Nausea: What Causes It and What You Can Do

Whatever you want to name it. Feeling “sick to your stomach,” “under the weather,” or as if you’re about to “spout” (any fans in the house?). The truth is that they’re all synonyms for the same dreadful sensation: nausea.

Being nauseated for whatever cause is one of the worst emotions you can have, and while vomiting might ease your gut discomfort or wooziness (at least momentarily), it doesn’t always indicate your underlying sickness is gone.

Whether you become queasy every time you sit in the passenger seat of a car or only when you take specific drugs, learning how to comfort yourself and when to call for help is crucial.

Nausea is a very common symptom of a variety of health problems, and while it’s not always caused by a serious condition, it’s still worth seeking treatment if you’re feeling sick.

Nausea Meaning

  1. (pl. -nias) a feeling of extreme sickness and discomfort, with or without vomiting, usually due to some form of food poisoning or other illness: she was suffering from nausea after the meal.
  2. the feeling of being sick to one’s stomach; queasiness; queasiness: I feel nauseous just thinking about it. nausea n.-v. (nausea-v.)

What Causes Nausea?

While nausea can be the result of a wide array of illnesses and medical conditions, there are some common triggers:

Heartburn: If you have heartburn or acid reflux (the burning sensation you feel in your esophagus), nausea is likely to follow. Heartburn occurs when stomach acid that’s been churning for hours or days tries to escape into the esophagus.

The body responds by producing bile to help neutralize it so the acidic stomach contents can move back down and out of the esophagus. This process is triggered by eating certain foods, drinking alcohol, smoking cigarettes, and stress.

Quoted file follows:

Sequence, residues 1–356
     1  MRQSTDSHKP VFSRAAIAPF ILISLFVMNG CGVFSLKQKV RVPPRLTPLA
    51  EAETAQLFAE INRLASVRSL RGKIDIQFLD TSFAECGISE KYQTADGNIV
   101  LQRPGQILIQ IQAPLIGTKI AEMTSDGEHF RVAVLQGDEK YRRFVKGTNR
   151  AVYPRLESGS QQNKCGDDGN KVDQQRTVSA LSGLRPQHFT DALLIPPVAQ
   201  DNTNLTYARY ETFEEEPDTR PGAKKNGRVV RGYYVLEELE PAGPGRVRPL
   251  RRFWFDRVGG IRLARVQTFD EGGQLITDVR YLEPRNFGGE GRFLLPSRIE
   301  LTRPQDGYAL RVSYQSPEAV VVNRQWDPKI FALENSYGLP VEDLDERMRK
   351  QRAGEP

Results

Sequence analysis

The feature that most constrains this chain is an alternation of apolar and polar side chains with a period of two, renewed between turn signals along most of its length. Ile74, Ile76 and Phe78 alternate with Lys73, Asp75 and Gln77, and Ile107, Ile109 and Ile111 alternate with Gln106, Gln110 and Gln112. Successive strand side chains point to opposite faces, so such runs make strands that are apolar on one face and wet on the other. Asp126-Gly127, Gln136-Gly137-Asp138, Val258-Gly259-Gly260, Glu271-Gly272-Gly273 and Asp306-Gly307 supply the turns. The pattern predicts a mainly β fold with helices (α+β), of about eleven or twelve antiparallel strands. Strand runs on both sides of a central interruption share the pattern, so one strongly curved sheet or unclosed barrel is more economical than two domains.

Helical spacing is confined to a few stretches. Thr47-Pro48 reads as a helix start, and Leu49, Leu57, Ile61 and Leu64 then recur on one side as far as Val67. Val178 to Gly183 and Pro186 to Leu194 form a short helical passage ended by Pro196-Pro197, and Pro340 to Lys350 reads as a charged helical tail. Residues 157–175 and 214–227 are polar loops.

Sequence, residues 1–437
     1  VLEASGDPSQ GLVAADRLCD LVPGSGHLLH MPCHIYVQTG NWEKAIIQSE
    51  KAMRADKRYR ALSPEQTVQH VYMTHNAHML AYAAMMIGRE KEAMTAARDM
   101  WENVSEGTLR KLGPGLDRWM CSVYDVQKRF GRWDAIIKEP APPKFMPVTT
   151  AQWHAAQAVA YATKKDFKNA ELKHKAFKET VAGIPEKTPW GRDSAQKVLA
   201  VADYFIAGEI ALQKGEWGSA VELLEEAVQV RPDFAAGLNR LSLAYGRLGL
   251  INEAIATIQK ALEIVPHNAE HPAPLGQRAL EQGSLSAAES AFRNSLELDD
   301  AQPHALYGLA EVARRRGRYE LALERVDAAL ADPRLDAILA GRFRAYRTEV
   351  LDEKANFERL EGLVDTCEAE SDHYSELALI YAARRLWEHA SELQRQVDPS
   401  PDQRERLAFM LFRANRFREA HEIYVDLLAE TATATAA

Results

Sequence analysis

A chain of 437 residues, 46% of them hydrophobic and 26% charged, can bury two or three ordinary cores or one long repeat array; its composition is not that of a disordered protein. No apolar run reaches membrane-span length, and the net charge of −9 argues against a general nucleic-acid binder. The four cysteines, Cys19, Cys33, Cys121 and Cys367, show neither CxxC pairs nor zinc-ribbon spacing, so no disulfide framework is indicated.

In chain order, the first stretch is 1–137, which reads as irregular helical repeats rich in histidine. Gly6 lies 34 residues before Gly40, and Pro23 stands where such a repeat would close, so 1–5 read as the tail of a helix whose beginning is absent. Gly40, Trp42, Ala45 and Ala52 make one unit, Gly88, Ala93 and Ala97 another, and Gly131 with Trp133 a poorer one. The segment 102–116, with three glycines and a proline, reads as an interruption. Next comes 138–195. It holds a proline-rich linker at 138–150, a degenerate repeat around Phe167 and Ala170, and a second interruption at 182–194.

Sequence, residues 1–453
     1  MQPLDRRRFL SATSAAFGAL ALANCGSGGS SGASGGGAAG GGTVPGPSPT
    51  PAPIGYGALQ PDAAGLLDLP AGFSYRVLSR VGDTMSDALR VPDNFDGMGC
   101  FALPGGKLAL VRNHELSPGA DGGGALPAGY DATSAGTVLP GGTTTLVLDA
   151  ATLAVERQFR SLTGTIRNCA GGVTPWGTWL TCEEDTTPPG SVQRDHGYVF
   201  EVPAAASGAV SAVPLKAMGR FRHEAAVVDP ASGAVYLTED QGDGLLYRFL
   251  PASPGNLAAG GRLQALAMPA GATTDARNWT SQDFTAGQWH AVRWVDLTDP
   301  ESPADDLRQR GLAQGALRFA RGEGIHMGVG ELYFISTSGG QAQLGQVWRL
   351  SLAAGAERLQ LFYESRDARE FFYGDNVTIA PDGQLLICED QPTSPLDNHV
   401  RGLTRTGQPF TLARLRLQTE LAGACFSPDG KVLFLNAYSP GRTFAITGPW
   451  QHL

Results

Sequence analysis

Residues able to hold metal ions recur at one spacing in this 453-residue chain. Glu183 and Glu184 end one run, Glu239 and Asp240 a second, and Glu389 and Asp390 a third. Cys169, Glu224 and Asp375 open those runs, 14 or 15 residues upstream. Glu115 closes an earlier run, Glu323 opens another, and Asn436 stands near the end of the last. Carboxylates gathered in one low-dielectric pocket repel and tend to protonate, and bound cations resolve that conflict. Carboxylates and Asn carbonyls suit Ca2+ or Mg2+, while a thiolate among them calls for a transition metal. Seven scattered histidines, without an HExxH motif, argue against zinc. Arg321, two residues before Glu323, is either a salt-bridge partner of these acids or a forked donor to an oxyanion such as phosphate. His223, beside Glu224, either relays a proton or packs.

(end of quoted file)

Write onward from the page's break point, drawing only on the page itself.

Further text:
If you’re experiencing heartburn but also feel nauseated or sick to your stomach, this could be because the two symptoms are related. When you eat certain foods (breads, dairy products), drink alcohol (beer or wine), smoke cigarettes (don’t!), or are under stress, your body releases more stomach acid than usual and your esophagus becomes irritated.

This irritation causes heartburn and leads to nausea as well — which makes sense since both symptoms stem from an excess of stomach acid in your digestive tract! Once you’ve eliminated these triggers from your diet and lifestyle habits, then any lingering discomfort should subside.

If you have , nausea might be a side effect of the illness itself rather than a symptom of its cause; however, if it’s due to food poisoning caused by bacteria such as , then it will likely keep recurring until you seek medical treatment for the condition itself. However, if it’s caused by a virus such as , then it will end once the virus is cleared from your system.

Medication: If you take medication for any reason, such as for high blood pressure or diabetes , and your doctor has advised against eating certain foods (such as citrus fruits), drinking alcohol (such as beer) or smoking cigarettes (such as cigarettes), then you may experience nausea when you do these things.

If you take medication for any reason, such as for high blood pressure or , and your doctor has advised against eating certain foods (such as citrus fruits), drinking alcohol (such as beer) or smoking cigarettes (such as cigarettes), then you may experience nausea when you do these things.

Hormone fluctuations: As we age, our hormones can fluctuate in various ways that can lead to nausea and vomiting . For example, estrogen levels drop during menopause . This can result in vomiting and other symptoms of menopause .

In addition, estrogen levels rise during pregnancy and breastfeeding . This can also cause symptoms of pregnancy and breastfeeding — though not to the same extent — including vomiting .

Other common causes of nausea and vomiting include medications that affect hormones such as birth control pills, hormone replacement therapy (HRT) and estrogen replacement therapy (ERT).

If you’ve had , you may experience nausea after the treatment. This is because some radiation treatments involve exposing your digestive tract directly to the radiation.

You may feel nauseated because the treatment has disrupted your normal digestive processes. Surgery: If you have had surgery on a certain part of your body, it’s possible that anesthesia may cause nausea or vomiting due to its effect on your stomach’s ability to contract.